NBC capped off a winning week of reporting on the Boston Marathon bombings by being the first network to report the capture of Dzhokar Tsarnaev, the lead suspect in the attacks.
It was around 8:43 PM when NBC cut to its local affiliate in Boston, WHDH. That station's correspondents could be heard confirming that Tsarnaev was in custody, and that he was alive. "It's over," one reporter said.
NBC had already been praised for the thorough, accurate reporting of Pete Williams, who became the journalist whose every word was closely monitored by others.
The arrest capped off a chaotic, nail-biting night, as journalists waited with bated breath to see if Tsarnaev would be captured.
There had been a distinct whiff of mounting cynicism about the progress in the case after public officials initially closed up shop on Friday afternoon, saying that they had not yet found a suspect. But all that was cast aside when the sudden news of a new round of gunfire in Watertown, MA, rocketed around the media. Soon, every network and website was glued to the story.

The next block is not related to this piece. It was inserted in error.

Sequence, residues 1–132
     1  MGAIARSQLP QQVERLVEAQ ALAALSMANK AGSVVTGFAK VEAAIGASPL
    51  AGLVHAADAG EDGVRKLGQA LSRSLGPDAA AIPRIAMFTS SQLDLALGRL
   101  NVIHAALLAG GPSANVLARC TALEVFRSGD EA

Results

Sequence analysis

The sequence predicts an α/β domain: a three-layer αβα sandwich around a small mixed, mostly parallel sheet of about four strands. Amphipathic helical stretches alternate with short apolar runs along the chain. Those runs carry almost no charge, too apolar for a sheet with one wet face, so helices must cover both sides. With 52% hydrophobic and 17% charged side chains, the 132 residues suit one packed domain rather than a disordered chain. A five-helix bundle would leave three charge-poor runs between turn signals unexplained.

However, unlike Wednesday's botched reporting about an arrest--when several outlets essentially invented a suspect out of thin air--all of the differing facts were tethered to reality. Within around 90 minutes, the standoff was over. There was ultimately little confusion about what had happened; after NBC reported the story, other outlets jumped in, and the Boston police quickly confirmed it to be true.
NBC was, of course, not the only journalism organization to have something to cheer about. The Boston Globe, which became a powerful symbol of the city, moved the reporting around the status of the standoff, as well as of the FBI's questioning of three other people, forward.
ABC was the first to report that Tsarnaev would not be read his Miranda rights. It also scored the first interviews with Tsarnaev's father.
Boston's local television stations were also highly praised, and were used by the White House to monitor the situation.
Only NBC, though, got the biggest story first.